Yesterday me and my beautiful wife took part in the Le Tour De Bolton Sportive, organised by Epic Events. You might think that a bike ride around Bolton might not be too much fun, but it’s not an area that we cycle around very often. In fact, Helen hadn’t previously cycled a single segment over the whole 60 miles. We arrived nice and early so that we could be off first, as we didn’t want to be out too long. H was also worried about the hills, especially The Rake, which is described by Simon Warren in his iconic climbing books thus – catch your breath if you can and turn right into the almost impossible 25% stretch to the top. If that wasn’t enough, we also had to climb Crown Point, Anglezarke and Sheep House Lane, along with a fair number of less spectacular climbs, adding up to over 1600m of climbing.

The route and profile can be found here.

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The start/finish was at a local school and as we set off out through the gates and onto the road I noticed a group of about a dozen cyclists off to one side who joined us as the moment we started. I know that some people like to ride sportives without paying, but at least don’t do it blatantly. Maybe wait a day or two, or even the following week. The event wasn’t that expensive and the organisers have spent many hours putting out all of the directional arrows, so don’t be a complete d*ck. Rant over.

The first few miles were busy with other riders, but fortunately very little traffic, so it was generally plain sailing until we hit The Rake. Although there was one guy riding a TT bike who was a bit wobbly. Not the bike for the course thought I. When we hit The Rake there were plenty of people walking near the bottom. H felt a bit trapped in and put on a burst to get some room, before reaching the very steep section. She didn’t quite manage all the way up without getting off, but made it far higher than many others. With a grin we continued, passing that one guy who hates to be chicked and just had to try to overtake us at any opportunity.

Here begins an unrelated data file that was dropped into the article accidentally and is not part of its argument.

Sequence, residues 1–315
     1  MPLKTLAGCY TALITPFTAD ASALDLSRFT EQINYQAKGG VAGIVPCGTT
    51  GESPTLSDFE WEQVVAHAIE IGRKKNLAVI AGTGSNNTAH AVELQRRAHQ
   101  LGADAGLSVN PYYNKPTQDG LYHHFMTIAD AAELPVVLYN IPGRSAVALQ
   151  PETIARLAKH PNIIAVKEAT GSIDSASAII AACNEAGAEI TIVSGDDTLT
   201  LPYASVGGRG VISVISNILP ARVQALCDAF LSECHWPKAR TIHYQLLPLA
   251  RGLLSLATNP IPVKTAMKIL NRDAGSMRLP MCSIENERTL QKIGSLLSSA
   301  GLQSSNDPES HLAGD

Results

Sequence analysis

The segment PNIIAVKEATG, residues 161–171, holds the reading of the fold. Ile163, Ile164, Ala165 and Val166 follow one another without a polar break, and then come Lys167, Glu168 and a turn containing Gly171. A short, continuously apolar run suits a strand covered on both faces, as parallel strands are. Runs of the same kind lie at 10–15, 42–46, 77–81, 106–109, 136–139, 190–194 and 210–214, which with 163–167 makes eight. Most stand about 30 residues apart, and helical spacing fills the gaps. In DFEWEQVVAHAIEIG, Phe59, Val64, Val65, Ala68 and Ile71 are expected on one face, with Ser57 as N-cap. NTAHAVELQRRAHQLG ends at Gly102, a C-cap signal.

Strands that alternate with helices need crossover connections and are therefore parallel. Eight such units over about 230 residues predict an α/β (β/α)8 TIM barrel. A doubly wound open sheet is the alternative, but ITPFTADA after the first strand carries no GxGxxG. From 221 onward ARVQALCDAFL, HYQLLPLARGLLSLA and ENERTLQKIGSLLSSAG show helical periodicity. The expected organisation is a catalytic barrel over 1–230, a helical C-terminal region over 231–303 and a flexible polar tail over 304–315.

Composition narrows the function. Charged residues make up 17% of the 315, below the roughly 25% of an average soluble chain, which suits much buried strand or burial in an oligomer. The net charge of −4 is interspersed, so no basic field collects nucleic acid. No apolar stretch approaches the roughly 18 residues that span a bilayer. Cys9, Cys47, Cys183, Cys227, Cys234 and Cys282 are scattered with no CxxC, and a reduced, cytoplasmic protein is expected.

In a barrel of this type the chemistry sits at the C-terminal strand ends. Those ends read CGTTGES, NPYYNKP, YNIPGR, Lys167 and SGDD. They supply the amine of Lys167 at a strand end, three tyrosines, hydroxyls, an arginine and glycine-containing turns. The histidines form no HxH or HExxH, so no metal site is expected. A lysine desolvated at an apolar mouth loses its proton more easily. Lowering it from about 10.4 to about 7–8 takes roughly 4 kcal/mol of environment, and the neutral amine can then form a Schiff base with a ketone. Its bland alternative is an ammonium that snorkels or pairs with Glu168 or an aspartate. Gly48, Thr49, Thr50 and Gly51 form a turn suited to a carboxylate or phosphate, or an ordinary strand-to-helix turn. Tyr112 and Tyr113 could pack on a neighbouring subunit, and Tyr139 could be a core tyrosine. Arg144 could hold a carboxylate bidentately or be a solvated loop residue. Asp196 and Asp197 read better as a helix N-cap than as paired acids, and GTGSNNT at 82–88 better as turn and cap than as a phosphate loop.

The feed stop was located in Oswaldthistle, and was busy but fully stocked with everything you could want, manned brilliantly by some local cubs and scouts. My brother-in-law was doing Velo Birmingham on the same day, and the first feed station had nothing left when he reached it.

We didn’t stop long, although I had the bright idea to tip my black coffee into my half empty water bottle. Lemon hydro plus coffee – not a good taste. Unfortunately the roads were now starting to get busy with cars and we also had to negotiate a couple of main roads, so it wasn’t until we hit the lower slopes of Anglezarke that we could relax again. Amazingly this was the first time that I had ridden the whole climb, and what a place for the official photographer.

We then turned onto Sheep House Lane for the last big climb of the day, although H nearly missed the turn. The Lane was also very busy with cars and motorbikes, combined with some very narrow sections of road. You can see why Ironman UK has such a fearsome reputation, as this Lane has to be climbed twice. We zipped down into Belmont, avoided a prat in a crap car, and made it back to the finish area with big smiles.

Epic Events put on some great events, including the Howgills Triathlon which I did last month (here), and it’s always good to be able to download the photos for free. We probably wouldn’t do this particular sportive again, but H does want to return to have another crack at The Rake. Finally, even though it wasn’t a race, my fit wife did manage to win her age group.

Checking out the Quantocks

The Forest of Bowland Area of Outstanding Natural Beauty (AONB) is without doubt one of the best places to cycle in the country. You should go there… now. In fact, every AONB that I’ve cycled through has been brilliant, so when work sent me to Taunton I took the chance to load up my commuting bike and check out the Quantocks. The hills were not as large as in Bowland, but I still managed 450m of climbing in 28km.

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I didn’t find the steepest climb, and I also found it hard to take a good photo as every lane seemed to have hedges big enough to hide giraffes. I only skirted the southern area of the Quantocks, as can be seen in my route, but next time I want to explore further.

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Another reason that I was excited about seeing the Quantocks is that they get a mention in a song by my favourite band. And not just any song either, but probably the best song that they have written. Joy Division Oven Gloves by Half Man Half Biscuit from their Achtung Bono album. The song also became the unofficial anthem of the save the 6 music campaign back in 2010. How can you not smile at a song that mentions the Quantocks.